Athree day Egyptian symposium starts, in Toronto,in a matter of hours. The Scholars’ Symposium (or Scholars’ Colloquium) is curated by The Society for the Study of Egyptian Antiquities (SSEA), and brings together a stella lineup of speakers. Todays session will be at the Royal Ontario Museum, and tommorows will focus on Egypt and the Bible and willbe held on the University of Toronto campus.
The temperature is hovering at around 0 degrees celcius – not exactly what you would find at Giza!
As I talked about in previous posts an update on research in the Sinai desert and at the Pyramid of Seila is part of the program. Also as Heritage Key reported an announcement will be made (on Sunday afternoon) that the husband of a famous Toronto mummy called Djedmaatesankh has been found in Chicago of course!
What other things can we look forward to? With nearly 30 papers being presented, more than I can write!
Dogs in Egypt
One unusual paper, which Ill be following closely, is research looking at the role of dogs in Old Kingdom Egypt (the time when the Great Pyramid was built).
Yes you read it correctly dogs.
The research is being done by Beverley Miles of MacQuarie University.
The association between the ancient Egyptians and dogs is not clearly understood, despite the animals early and pervasive presence in the archaeological and cultural record.
Miles will be talking about three works of art, which date to the Old Kingdom, thatdepict humans touching the muzzle of dogs.
Now, these pictures are really unusual. Egyptian art at this time refrained from showing human to human contact, much less human to animal. Why make an exception for dogs?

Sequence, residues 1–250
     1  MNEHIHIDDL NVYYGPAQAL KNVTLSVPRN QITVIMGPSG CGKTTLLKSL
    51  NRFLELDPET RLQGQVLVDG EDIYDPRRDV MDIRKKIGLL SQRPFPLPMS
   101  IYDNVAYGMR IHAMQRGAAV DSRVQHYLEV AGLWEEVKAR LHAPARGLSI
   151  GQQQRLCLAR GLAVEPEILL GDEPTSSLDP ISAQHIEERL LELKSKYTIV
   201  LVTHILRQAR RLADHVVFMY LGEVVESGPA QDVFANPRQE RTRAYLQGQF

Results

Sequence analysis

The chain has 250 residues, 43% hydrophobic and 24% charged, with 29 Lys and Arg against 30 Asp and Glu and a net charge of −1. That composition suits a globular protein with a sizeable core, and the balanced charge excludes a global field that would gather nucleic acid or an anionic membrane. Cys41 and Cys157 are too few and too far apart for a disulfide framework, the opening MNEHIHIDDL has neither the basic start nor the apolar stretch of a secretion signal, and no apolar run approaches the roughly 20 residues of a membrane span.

Non-royal Tombs in the Age of the Pyramids
Another paper that Im going to be keeping my eyes ontoday, isresearch on Old Kingdom non-royal tombsdone by the University of Pennsylvanias John Thompson.
While the big royal necropolis sites, such as Giza, tend to be more famous, many tombs were also constructed by people who were from a non-royal background. These tombs typically have an underground burial with a structure on the surface (ie- a mastaba). It’s been widely believed that the structures are there to help the deceased into the afterlife.
That burials occur in the subterranean chambers connected to non-royal superstructures of the Old Kingdom has led some scholars to interpret the whole of the complex as funerary in its purpose, said Thompson.
Both textual and iconographic evidence suggest that the superstructures were not central to the funeral rites (except, of course, interment) and therefore should be viewed as having another primary purpose.
What could this purpose be?
Discoveries in Thebes
There are going to be two presentations discussing recent work in Thebes.
Edwin Brock, of the Theban Mapping Project, will be talking about the latest finds at the site.
Modern day development is unveiling more of this ancient city. Brock explains recent large-scale engineering efforts to install a city-wide sewer system and a project to lower the ground water have revealed the presence of unknown or previously lost monuments, around the temple complexes of Karnak and Luxor.
He added, the eastern limits of the destroyed temple to the Aten erected by Akhenaten have been uncovered. Other recent finds outside the Karnak temple complex include the colonnade of an unknown temple of the 25th Dynasty, the gate of a temple of Khonsu from the reign of Ptolemy XII and the recovery of a Ptolemaic temple to Thoth.